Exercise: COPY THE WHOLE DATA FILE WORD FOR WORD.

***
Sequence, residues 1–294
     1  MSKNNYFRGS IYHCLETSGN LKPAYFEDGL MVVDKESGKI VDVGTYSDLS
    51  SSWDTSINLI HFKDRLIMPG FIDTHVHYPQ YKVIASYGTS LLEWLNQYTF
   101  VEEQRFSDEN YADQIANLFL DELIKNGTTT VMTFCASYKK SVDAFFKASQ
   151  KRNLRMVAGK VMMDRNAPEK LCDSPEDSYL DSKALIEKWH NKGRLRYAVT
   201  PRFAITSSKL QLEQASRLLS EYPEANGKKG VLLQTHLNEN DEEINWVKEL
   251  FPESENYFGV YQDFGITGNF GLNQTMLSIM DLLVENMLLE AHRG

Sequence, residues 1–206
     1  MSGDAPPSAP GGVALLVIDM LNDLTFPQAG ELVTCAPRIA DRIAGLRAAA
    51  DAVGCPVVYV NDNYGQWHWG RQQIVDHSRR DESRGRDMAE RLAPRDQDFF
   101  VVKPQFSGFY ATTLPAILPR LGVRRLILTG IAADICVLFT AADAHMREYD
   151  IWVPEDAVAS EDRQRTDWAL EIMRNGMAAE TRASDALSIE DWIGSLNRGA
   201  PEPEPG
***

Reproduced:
Sequence, residues 1–294
     1  MSKNNYFRGS IYHCLETSGN LKPAYFEDGL MVVDKESGKI VDVGTYSDLS
    51  SSWDTSINLI HFKDRLIMPG FIDTHVHYPQ YKVIASYGTS LLEWLNQYTF
   101  VEEQRFSDEN YADQIANLFL DELIKNGTTT VMTFCASYKK SVDAFFKASQ
   151  KRNLRMVAGK VMMDRNAPEK LCDSPEDSYL DSKALIEKWH NKGRLRYAVT
   201  PRFAITSSKL QLEQASRLLS EYPEANGKKG VLLQTHLNEN DEEINWVKEL
   251  FPESENYFGV YQDFGITGNF GLNQTMLSIM DLLVENMLLE AHRG

Sequence, residues 1–206
     1  MSGDAPPSAP GGVALLVIDM LNDLTFPQAG ELVTCAPRIA DRIAGLRAAA
    51  DAVGCPVVYV NDNYGQWHWG RQQIVDHSRR DESRGRDMAE RLAPRDQDFF
   101  VVKPQFSGFY ATTLPAILPR LGVRRLILTG IAADICVLFT AADAHMREYD
   151  IWVPEDAVAS EDRQRTDWAL EIMRNGMAAE TRASDALSIE DWIGSLNRGA
   201  PEPEPG